Burning Bridges – Opinion

Putting out the James Street Bridge Fire
Putting out the fire
An incredible fire broke out on the James Street Swing Bridge connecting Thunder Bay to Fort William First Nation at around 7 p.m. today.
An incredible fire broke out on the James Street Swing Bridge connecting Thunder Bay to Fort William First Nation at around 7 p.m. today.

THUNDER BAY – OPINION – On October 29, 2013, the James Street bridge crossing the Kaministiquia River, which links Fort William First Nation with the City of Thunder Bay, caught fire.  While the local media is tracking the criminal element of the fire, and while the politicians are promising to get to the bottom of what happened, there’s another story here that is going un-reported.  As the bridge burned, social media lit up with white-settler racism directed at my reserve.  It was a display of what most Canadians don’t like to admit, namely, that Canada is a racist place.  Our communities – on both sides of the river – need to address the acts of hate speech posted online last night if we are to have a informed dialogue about what it means to live together in Anishinaabeg Aki, or Anishinaabeg territory.

What is it about catastrophe that makes white people feel they can release racist attacks on Indigenous communities, in moments when they’re most weak nonetheless?  The white settler consciousness is teeming with fear of Indigenous peoples to the point that its undercurrents spill out when communities like mine find themselves in an emergency.  This fear is based in a deep seated recognition that, yes, white people have stolen the land and that, therefore, seeing Indigenous peoples reminds them – if only subconsciously – that their privilege in Anishinaabe Aki is built on (failed) attempts at historical cultural and physical genocide.  This fear comes out as hatred: every single online news story about Indigenous peoples in this country is trailed by a scorched path of racist “free speech” vitriol.  Canada has a racism epidemic, and it is easily traced in the comments section.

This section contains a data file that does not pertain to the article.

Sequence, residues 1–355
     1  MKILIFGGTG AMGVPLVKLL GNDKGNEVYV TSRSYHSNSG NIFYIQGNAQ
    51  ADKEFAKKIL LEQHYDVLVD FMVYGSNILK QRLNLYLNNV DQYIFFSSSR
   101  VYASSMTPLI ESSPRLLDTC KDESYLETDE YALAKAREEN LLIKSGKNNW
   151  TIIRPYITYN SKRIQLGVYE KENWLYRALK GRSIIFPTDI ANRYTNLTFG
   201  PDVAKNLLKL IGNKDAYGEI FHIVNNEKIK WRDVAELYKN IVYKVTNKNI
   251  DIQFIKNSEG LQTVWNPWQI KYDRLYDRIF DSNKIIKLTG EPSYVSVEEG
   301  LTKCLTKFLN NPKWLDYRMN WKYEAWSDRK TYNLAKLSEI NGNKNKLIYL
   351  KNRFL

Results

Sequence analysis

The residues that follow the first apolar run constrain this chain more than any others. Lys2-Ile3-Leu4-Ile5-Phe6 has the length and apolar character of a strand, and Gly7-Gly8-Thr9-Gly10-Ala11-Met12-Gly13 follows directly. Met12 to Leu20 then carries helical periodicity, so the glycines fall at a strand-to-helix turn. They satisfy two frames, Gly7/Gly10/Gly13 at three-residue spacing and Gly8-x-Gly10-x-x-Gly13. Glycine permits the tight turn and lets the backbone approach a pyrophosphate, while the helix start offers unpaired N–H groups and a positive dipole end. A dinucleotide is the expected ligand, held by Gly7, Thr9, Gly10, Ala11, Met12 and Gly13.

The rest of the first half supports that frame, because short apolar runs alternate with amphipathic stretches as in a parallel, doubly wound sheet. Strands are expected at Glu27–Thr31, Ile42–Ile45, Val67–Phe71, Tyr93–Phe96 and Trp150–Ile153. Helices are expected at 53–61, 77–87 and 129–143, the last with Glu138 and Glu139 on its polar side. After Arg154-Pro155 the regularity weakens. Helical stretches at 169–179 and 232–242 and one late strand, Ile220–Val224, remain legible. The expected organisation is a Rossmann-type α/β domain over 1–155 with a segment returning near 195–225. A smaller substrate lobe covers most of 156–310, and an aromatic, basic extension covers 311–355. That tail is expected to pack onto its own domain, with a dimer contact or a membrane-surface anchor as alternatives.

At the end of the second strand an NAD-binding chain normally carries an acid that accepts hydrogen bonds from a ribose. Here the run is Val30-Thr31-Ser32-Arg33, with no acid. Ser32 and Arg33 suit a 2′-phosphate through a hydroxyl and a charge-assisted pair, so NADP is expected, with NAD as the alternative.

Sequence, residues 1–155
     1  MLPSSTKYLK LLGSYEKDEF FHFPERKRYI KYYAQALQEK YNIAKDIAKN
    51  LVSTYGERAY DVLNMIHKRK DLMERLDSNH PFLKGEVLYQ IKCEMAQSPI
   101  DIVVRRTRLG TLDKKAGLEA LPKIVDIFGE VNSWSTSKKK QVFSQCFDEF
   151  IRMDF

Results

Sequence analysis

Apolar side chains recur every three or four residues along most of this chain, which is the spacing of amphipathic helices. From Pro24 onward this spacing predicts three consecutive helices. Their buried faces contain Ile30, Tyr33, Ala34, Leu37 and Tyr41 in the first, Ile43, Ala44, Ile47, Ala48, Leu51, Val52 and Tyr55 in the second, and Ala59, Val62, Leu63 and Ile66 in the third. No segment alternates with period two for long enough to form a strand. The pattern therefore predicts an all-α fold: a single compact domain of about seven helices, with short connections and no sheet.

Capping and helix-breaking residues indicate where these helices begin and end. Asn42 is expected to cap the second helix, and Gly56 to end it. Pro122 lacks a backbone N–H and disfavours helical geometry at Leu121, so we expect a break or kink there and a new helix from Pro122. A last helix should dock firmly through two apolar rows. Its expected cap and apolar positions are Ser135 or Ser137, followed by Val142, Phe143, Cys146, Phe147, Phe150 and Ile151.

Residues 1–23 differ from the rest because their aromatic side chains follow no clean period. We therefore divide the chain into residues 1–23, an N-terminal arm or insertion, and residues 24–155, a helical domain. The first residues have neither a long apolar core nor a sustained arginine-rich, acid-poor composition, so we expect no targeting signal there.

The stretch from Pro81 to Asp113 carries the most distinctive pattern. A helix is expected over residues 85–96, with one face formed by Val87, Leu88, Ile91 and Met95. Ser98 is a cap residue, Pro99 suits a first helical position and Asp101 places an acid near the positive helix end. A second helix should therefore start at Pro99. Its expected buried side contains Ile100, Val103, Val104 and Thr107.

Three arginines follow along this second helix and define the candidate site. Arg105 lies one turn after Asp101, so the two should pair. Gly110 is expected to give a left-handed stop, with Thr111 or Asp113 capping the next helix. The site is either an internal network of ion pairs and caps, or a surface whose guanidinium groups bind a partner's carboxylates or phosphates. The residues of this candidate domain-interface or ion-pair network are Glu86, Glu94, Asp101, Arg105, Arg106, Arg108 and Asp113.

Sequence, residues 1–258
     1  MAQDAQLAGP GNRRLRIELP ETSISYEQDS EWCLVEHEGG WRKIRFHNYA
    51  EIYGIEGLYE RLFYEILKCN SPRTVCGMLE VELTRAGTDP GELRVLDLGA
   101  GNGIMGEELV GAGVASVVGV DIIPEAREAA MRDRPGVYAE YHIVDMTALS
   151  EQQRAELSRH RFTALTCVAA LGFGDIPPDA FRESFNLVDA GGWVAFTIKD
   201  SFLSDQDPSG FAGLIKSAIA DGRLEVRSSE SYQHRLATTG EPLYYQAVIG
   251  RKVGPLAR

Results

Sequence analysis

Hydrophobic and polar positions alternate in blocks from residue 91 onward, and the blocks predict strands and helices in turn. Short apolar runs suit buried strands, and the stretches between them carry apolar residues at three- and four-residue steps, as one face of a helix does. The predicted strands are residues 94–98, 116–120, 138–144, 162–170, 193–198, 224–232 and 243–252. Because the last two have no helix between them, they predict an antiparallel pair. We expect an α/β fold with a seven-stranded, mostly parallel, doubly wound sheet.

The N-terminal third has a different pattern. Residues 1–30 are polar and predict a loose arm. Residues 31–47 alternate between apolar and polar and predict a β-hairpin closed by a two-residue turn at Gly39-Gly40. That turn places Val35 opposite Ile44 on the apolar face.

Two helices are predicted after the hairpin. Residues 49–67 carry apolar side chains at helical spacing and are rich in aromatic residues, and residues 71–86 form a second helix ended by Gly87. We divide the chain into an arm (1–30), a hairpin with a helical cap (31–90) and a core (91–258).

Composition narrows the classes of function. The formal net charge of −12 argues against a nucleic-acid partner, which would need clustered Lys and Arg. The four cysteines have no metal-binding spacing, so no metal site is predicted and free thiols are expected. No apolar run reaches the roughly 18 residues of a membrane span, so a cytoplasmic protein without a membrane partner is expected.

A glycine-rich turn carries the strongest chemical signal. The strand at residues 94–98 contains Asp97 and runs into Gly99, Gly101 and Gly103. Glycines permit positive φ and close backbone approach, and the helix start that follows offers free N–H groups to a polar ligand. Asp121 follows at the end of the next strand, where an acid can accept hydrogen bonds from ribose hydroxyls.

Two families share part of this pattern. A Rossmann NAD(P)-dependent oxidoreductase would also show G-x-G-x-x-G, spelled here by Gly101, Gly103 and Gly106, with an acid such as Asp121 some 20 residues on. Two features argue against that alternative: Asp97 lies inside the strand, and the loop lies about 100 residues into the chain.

And it spilled out again last night.  The Thunder Bay Twitter community lit up with racism like a Christmas tree once news spread that the main bridge into Fort William First Nation was on fire.  But what differentiated the social media KKK parade was that, unlike online news sites, the majority of posts came from young people.  Consider these posts by @lucasgiardino and @paigeahola:

Twitter capture

While these tweeters are clearly young, they nonetheless are well versed in how to demonize Indigenous communities.  Their comments beg the question: my community should be permanently closed off because, clearly, Indians are a threat to ‘civilized’ society.  Such comments ghettoize Fort William First Nation; we should be locked up like animals and left to burn to death in our own cage.  Interestingly, this reflects the government’s original philosophies behind Indian reservations altogether: fence Indians in and make it nearly impossible for them to leave.  The kids learn to tow the line well.

Maybe I’m being to hard on these young folks.  Maybe they’re just mis-guided.  Unfortunately, excusing their behaviour as individual mistakes only elides the fact that Canada is a racist society in a structural sense.  These kids throw racism at my community because they’ve been taught by their parents and society at large that its okay to do so.  In turn, parents are passing this belief on to each new generation, as @WeRMarshall15 so eloquently showed us just hours after the bridge caught fire:

Facebook posting